2008 record      


As the 2020 Democratic Party presidential candidates battle it out for the nomination, politicos must also pay close attention to President Donald Trump's approval rating across the 50 states. While Trump's national approval rating has been hovering below 50% for his entire presidency, it was on the upswing for the beginning of the summer before only beginning to falter a bit toward the end of July. The president's approval rating has recovered a bit thus far in September, however.

Historically, presidents have fared well in re-election campaigns when they maintain approval ratings above 50%. This president, to be sure, has never had such an approval rating at any point throughout his presidency. But President Trump oversees a soaring economy, with record-low unemployment rates, and has a hardened base of core supporters. One must also never forget the sheer power of incumbency: Since FDR, only Presidents Jimmy Carter and George H.W. Bush were elected and then subsequently not re-elected four years later.

Yet, fair-minded observers must still ask: If Trump's overall approval rating number stays below 50%, will Trump be able to defy historical trends for presidential incumbents?

As of September 17, 2019, the RealClearPolitics average for Trump's national job approval rating sits at 44.0% — or 9.3% underwater.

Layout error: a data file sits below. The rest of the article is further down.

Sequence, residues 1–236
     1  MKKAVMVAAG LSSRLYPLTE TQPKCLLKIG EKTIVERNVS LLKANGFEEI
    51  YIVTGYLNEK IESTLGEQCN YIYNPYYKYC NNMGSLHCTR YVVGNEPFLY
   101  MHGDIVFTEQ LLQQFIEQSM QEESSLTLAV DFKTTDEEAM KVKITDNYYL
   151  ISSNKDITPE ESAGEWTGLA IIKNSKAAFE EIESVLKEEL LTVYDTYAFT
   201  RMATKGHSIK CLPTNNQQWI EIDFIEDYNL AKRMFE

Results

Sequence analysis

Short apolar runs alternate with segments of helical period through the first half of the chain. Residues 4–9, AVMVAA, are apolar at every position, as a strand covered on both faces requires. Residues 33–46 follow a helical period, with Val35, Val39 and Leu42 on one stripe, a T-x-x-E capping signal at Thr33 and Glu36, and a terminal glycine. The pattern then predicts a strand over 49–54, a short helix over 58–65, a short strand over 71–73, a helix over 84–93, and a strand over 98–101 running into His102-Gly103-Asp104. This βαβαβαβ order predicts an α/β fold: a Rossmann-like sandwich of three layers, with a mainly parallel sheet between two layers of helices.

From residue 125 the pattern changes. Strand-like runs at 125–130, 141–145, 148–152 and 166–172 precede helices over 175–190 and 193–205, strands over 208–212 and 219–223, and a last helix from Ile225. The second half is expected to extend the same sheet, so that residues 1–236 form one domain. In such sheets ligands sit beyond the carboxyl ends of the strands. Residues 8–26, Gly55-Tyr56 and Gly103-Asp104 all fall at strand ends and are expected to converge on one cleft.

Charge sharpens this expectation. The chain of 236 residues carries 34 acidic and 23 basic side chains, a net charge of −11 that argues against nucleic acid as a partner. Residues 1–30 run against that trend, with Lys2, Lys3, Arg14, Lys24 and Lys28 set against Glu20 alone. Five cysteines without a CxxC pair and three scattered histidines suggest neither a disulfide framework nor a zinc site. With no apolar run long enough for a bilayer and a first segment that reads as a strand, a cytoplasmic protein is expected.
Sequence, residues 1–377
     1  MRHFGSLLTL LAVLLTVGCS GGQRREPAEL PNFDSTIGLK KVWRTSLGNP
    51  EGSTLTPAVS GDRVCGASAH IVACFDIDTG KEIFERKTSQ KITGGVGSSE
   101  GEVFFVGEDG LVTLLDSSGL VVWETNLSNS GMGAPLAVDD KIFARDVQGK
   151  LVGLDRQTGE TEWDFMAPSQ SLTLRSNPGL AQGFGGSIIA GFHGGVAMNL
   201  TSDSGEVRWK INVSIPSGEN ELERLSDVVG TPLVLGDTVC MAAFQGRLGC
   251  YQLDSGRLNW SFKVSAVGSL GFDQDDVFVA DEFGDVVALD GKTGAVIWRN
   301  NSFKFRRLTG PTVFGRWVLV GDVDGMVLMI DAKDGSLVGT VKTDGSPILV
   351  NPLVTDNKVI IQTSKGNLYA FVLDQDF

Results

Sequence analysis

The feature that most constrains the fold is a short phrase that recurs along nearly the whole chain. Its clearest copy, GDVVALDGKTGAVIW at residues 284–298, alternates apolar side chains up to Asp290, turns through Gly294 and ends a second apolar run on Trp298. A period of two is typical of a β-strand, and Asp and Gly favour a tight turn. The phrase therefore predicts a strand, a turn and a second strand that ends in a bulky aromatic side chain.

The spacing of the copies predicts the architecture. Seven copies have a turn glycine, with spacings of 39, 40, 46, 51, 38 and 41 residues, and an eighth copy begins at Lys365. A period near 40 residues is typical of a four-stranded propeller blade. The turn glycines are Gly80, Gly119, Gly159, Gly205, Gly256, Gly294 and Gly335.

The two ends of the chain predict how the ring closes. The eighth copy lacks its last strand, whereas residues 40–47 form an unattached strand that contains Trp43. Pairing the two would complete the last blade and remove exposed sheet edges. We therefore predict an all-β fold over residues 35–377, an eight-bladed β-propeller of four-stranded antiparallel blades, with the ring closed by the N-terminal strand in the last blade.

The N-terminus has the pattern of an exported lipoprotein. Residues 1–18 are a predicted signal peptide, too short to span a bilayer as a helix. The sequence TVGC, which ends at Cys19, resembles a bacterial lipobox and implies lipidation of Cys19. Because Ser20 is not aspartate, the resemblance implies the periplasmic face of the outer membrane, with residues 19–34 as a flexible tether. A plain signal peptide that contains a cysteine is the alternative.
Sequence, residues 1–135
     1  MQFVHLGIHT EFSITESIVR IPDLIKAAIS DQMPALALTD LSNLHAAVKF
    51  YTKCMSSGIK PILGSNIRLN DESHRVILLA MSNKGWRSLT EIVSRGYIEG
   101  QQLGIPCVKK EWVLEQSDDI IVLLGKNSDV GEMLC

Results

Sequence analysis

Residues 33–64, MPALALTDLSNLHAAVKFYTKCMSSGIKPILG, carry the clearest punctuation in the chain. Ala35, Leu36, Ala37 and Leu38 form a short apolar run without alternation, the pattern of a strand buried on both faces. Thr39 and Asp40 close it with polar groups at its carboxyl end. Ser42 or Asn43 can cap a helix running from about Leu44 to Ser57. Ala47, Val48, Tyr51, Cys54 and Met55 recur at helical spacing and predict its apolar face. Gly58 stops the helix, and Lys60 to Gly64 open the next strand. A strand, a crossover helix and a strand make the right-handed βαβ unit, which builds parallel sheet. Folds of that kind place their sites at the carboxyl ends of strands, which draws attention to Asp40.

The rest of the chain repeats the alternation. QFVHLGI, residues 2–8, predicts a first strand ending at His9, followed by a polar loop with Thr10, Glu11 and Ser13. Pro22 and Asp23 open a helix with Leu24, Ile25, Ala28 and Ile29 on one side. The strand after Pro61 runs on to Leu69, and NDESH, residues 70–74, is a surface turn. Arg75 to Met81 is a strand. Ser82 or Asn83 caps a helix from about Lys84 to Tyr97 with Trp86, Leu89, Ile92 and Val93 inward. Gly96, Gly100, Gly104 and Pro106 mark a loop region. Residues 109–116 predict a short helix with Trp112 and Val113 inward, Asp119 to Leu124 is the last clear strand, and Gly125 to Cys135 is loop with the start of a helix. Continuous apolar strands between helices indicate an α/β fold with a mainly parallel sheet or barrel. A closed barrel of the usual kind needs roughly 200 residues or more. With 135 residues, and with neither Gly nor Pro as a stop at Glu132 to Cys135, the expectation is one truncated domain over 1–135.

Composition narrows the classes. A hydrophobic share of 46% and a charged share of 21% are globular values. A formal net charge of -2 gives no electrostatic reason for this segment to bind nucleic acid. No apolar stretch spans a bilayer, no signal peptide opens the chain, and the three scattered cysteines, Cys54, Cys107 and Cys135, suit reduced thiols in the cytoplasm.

Overall, national head-to-head polls do not presently show Trump to be in particularly good electoral shape. Specifically, one of the most accurate pollsters from the 2016 national election, IBD/TIPP, now shows Trump losing hypothetical head-to-head matchups with each of Joe Biden, Elizabeth Warren, Bernie Sanders, and Kamala Harris. The IBD/TIPP poll has correctly predicted the last four presidential elections and was notable in 2016 for being the only national poll to correctly predict Trump's shocking victory over Hillary Clinton. A Washington Post analysis of the 2016 polling landscape concluded that, overall, IBD/TIPP was the second most accurate pollster of the cycle behind only McClatchy/Marist. While still very early, the Trump campaign should still be taking very seriously this hypothetical head-to-head matchup polling.

This article was updated on September 17, 2019.

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